How does mipmap overblur? Ben mentioned that in a previous slide, there were shapes with sides of different lengths represented by squares instead, and that it was "averaging too much of the underlying texture." But, that didn't really make any sense to me lol. Could someone explain more simply what he means?

SuperMaltese

If you think about a texture tilted aggressively away from the camera, the tilted plane has the shape of a trapezoid from screen space. But the algorithm matches it with a texture square. If you think about a trapezoid with height Z versus the square of height Z, the trapezoid is smaller in area than the square. Smaller areas (texture footprints) need more detail (because they are closer). But in this case, the smaller area is being fitted with a texture space that is designed for something bigger than it. So you lose detail, hence blur. Hope that helps, -Kevin

How does mipmap overblur? Ben mentioned that in a previous slide, there were shapes with sides of different lengths represented by squares instead, and that it was "averaging too much of the underlying texture." But, that didn't really make any sense to me lol. Could someone explain more simply what he means?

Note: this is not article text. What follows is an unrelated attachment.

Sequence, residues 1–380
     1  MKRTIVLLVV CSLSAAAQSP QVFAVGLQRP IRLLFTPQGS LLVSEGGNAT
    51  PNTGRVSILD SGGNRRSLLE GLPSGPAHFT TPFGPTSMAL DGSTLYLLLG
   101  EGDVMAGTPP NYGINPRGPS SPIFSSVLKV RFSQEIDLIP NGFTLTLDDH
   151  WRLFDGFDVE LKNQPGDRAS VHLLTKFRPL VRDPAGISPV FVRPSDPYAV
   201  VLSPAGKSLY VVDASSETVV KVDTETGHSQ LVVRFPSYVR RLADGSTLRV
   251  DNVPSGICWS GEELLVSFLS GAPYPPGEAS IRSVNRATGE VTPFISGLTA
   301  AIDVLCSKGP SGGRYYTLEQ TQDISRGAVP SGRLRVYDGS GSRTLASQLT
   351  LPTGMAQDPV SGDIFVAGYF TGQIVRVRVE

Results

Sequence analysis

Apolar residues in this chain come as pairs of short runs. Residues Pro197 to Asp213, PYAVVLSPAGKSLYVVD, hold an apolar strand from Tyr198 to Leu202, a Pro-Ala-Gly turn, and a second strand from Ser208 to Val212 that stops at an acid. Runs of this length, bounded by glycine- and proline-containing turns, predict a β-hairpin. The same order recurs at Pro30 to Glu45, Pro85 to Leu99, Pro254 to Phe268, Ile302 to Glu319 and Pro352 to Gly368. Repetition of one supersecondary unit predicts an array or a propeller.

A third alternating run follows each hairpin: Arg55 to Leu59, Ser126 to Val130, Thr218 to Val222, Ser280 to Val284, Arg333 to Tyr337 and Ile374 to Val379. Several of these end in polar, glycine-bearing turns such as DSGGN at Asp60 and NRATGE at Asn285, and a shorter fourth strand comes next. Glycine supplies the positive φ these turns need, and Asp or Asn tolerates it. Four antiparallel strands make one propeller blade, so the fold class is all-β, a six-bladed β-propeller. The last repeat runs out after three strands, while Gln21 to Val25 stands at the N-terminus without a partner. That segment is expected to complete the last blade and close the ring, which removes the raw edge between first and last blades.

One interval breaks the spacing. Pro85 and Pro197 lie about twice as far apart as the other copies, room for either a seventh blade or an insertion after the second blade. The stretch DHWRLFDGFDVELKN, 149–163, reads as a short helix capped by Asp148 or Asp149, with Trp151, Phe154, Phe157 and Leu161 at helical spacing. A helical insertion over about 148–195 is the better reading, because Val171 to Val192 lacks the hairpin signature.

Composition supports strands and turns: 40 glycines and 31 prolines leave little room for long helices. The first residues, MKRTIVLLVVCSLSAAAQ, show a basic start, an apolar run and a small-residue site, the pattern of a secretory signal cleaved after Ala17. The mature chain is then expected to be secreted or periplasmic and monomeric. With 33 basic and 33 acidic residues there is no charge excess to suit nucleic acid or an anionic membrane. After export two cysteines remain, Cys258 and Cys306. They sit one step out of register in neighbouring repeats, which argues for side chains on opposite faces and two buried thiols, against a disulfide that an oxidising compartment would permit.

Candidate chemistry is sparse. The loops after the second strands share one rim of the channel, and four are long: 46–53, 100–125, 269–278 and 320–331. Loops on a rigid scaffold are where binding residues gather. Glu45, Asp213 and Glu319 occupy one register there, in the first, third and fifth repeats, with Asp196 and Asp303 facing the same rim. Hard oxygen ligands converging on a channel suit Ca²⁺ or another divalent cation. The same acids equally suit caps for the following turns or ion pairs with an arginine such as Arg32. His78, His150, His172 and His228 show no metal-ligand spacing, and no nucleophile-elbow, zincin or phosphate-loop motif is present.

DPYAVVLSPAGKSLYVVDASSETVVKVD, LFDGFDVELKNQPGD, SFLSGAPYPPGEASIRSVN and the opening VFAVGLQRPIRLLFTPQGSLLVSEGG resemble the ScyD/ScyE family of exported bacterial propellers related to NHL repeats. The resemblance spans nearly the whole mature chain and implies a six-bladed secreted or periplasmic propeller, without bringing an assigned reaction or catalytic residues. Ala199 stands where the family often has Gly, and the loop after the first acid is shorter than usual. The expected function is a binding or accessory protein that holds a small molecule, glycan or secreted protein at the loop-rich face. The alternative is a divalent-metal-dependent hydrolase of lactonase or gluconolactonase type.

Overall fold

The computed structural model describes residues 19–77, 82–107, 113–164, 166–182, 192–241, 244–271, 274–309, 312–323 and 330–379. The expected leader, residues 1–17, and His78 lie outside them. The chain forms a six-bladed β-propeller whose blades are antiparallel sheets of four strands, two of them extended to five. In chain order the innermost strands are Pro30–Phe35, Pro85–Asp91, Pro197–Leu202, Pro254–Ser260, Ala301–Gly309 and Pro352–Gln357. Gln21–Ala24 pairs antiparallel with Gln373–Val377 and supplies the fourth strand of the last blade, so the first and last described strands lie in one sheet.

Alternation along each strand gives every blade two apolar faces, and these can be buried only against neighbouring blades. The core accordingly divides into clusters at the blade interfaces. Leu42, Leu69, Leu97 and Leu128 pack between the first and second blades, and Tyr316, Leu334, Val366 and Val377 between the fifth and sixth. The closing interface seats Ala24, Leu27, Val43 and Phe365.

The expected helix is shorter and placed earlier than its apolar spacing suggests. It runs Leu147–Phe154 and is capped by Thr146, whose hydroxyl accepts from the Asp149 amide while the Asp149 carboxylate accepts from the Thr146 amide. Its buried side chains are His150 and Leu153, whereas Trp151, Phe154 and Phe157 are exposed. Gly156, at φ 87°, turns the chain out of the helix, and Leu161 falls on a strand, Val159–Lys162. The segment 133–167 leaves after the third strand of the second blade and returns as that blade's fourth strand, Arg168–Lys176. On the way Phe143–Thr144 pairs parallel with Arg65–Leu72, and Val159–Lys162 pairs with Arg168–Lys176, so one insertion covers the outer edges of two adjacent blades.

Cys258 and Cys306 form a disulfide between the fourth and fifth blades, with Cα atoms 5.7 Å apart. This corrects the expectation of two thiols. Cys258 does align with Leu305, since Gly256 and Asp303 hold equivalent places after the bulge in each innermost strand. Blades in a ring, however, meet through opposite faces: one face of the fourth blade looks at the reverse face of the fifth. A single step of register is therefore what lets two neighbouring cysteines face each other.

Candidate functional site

If you think about a texture tilted aggressively away from the camera, the tilted plane has the shape of a trapezoid from screen space. But the algorithm matches it with a texture square. If you think about a trapezoid with height Z versus the square of height Z, the trapezoid is smaller in area than the square. Smaller areas (texture footprints) need more detail (because they are closer). But in this case, the smaller area is being fitted with a texture space that is designed for something bigger than it. So you lose detail, hence blur. Hope that helps, -Kevin